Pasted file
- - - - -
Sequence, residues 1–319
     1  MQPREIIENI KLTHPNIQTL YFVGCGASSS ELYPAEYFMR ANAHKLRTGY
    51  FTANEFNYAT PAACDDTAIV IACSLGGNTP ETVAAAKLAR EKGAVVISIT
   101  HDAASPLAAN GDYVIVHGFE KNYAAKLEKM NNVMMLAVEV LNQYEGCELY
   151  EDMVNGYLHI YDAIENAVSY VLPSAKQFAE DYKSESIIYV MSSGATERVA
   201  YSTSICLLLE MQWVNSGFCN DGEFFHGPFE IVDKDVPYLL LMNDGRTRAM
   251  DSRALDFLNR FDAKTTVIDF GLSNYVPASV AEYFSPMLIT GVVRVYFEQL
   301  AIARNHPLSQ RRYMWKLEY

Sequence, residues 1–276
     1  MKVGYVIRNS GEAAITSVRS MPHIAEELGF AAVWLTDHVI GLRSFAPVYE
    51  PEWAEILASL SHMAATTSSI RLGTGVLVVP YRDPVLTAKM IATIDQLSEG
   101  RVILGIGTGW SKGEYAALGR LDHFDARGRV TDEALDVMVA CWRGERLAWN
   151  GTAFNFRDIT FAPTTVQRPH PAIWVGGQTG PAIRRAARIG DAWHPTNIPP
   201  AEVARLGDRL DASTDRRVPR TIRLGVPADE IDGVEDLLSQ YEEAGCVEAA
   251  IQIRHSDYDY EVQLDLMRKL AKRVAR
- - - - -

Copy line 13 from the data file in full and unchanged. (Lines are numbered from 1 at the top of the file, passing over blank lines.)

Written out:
   151  GTAFNFRDIT FAPTTVQRPH PAIWVGGQTG PAIRRAARIG DAWHPTNIPP